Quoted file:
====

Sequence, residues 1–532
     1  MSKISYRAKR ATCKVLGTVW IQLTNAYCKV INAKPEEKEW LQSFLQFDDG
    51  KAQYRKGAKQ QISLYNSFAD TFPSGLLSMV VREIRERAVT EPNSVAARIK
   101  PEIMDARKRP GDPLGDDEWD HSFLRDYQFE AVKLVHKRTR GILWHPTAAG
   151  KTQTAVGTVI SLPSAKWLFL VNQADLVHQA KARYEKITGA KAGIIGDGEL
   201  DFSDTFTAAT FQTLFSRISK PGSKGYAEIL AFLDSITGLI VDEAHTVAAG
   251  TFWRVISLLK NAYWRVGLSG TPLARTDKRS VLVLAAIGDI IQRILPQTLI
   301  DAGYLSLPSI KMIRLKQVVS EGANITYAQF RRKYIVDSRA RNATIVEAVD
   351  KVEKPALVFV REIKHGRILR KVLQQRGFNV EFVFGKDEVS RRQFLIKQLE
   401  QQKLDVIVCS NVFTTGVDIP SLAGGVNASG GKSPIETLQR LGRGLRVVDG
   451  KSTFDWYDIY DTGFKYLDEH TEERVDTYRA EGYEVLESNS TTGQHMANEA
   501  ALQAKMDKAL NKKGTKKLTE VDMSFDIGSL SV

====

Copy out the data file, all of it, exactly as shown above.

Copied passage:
Sequence, residues 1–532
     1  MSKISYRAKR ATCKVLGTVW IQLTNAYCKV INAKPEEKEW LQSFLQFDDG
    51  KAQYRKGAKQ QISLYNSFAD TFPSGLLSMV VREIRERAVT EPNSVAARIK
   101  PEIMDARKRP GDPLGDDEWD HSFLRDYQFE AVKLVHKRTR GILWHPTAAG
   151  KTQTAVGTVI SLPSAKWLFL VNQADLVHQA KARYEKITGA KAGIIGDGEL
   201  DFSDTFTAAT FQTLFSRISK PGSKGYAEIL AFLDSITGLI VDEAHTVAAG
   251  TFWRVISLLK NAYWRVGLSG TPLARTDKRS VLVLAAIGDI IQRILPQTLI
   301  DAGYLSLPSI KMIRLKQVVS EGANITYAQF RRKYIVDSRA RNATIVEAVD
   351  KVEKPALVFV REIKHGRILR KVLQQRGFNV EFVFGKDEVS RRQFLIKQLE
   401  QQKLDVIVCS NVFTTGVDIP SLAGGVNASG GKSPIETLQR LGRGLRVVDG
   451  KSTFDWYDIY DTGFKYLDEH TEERVDTYRA EGYEVLESNS TTGQHMANEA
   501  ALQAKMDKAL NKKGTKKLTE VDMSFDIGSL SV